Greece on High Alert as Wildfires Rage Early

Greece has raised a wildfire alert to its second-highest level after dozens of blazes broke out over the weekend. They come following a record warm winter in the country.

Greece on Sunday raised the wildfire  alert level for several regions to high risk, the second highest after more than 70 forest fires were reported across the country on Saturday.

Although most were brought under control, one on the island of Crete was still burning on Sunday, the fire department said, adding that three people had been lightly injured in the blaze.

High Winds Are Expected

On Saturday, “71 fires were declared in agricultural and forestry regions across the country in 12 hours, between 0300 GMT and 1500 GMT,” said the Civil Protection Ministry, which is also in charge of responses to the climate crisis.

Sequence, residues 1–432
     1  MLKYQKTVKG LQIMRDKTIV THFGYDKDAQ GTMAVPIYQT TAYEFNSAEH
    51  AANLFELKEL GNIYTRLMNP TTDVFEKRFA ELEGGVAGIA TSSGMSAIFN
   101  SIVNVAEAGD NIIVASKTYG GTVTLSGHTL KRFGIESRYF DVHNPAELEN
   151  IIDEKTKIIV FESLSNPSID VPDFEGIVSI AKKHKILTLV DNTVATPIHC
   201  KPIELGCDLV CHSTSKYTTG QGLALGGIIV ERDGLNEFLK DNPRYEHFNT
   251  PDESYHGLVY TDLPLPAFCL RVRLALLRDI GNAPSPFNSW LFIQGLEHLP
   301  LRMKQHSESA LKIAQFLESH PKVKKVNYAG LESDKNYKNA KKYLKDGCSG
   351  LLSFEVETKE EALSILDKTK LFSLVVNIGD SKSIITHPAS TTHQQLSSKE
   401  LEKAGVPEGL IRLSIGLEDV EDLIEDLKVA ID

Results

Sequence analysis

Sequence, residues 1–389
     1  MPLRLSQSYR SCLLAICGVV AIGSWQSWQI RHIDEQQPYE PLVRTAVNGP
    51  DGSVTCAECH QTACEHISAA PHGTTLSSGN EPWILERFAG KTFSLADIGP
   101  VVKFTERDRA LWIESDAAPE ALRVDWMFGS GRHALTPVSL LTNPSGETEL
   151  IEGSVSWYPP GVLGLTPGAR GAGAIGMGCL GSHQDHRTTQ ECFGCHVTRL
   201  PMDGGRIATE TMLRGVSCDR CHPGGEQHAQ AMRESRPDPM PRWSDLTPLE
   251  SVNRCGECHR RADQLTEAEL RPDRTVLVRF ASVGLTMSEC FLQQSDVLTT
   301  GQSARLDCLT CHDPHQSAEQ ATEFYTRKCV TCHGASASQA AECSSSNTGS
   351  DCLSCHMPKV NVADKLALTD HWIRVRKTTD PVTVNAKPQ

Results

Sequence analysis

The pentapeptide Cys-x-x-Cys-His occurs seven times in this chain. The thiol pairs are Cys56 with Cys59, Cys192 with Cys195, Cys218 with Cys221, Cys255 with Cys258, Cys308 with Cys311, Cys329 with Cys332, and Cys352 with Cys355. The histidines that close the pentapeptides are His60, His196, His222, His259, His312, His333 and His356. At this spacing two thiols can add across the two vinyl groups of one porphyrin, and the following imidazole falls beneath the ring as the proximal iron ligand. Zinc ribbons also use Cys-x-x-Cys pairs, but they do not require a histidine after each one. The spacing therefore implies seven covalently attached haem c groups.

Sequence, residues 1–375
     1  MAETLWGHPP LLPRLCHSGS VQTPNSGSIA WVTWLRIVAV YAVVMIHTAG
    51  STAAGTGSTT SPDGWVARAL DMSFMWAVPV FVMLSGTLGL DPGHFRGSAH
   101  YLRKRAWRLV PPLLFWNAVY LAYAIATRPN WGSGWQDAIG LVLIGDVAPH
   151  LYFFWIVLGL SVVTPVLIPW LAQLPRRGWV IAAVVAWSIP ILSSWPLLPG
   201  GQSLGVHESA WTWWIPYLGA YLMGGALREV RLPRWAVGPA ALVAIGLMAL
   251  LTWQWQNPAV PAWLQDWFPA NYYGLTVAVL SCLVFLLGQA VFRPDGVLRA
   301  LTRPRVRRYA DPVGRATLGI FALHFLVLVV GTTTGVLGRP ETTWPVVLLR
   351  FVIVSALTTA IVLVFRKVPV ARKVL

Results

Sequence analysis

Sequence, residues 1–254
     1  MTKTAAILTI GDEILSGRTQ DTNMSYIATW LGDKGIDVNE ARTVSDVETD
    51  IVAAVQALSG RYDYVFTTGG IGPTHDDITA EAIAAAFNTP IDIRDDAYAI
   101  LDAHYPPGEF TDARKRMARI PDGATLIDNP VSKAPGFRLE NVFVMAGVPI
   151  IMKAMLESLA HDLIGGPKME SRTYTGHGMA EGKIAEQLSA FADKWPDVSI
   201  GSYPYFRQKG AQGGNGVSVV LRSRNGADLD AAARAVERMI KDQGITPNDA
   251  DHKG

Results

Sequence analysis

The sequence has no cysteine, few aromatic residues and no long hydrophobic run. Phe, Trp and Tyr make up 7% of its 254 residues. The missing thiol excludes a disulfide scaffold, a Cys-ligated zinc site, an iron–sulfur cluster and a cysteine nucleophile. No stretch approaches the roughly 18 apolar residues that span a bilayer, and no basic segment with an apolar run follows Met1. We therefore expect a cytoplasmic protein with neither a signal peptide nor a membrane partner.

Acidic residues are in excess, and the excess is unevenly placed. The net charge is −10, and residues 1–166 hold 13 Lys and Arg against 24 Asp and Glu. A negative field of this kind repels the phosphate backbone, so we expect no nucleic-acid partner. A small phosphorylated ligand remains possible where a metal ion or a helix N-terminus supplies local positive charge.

The raised alert comes as strong winds of up to 60 kph (37 mph) are expected until Tuesday in parts of Greece, “making the situation extremely dangerous for the outbreak of fires,” the ministry said.

 The areas concerned include the Athens region, the center, the Cyclades islands and Crete. 

Dry Conditions Amid Climate Change In Greece

Greece has experienced five weeks with little or no rain as the Athens Observatory warns of a worrying level of drought. 

The Mediterranean country recorded a record average temperature of 11.8 C (53.2 F) over the winter, and temperatures have been unseasonably high since April started. On Tuesday, Chania on Crete reached 31 C.

Like many other parts of the Mediterranean, it suffered an extensive heat wave last summer in which 20 people died and almost 175,000 hectares (430,000 acres) were scorched by blazes. 

Around 20,000 holidaymakers and locals had to be brought to safety as fires raged in the south of the island of Rhodes, a popular tourist destination.

Experts say that Greece’s wildfire season, which used to begin in May, is likely to begin progressively earlier due to human made climate change. 

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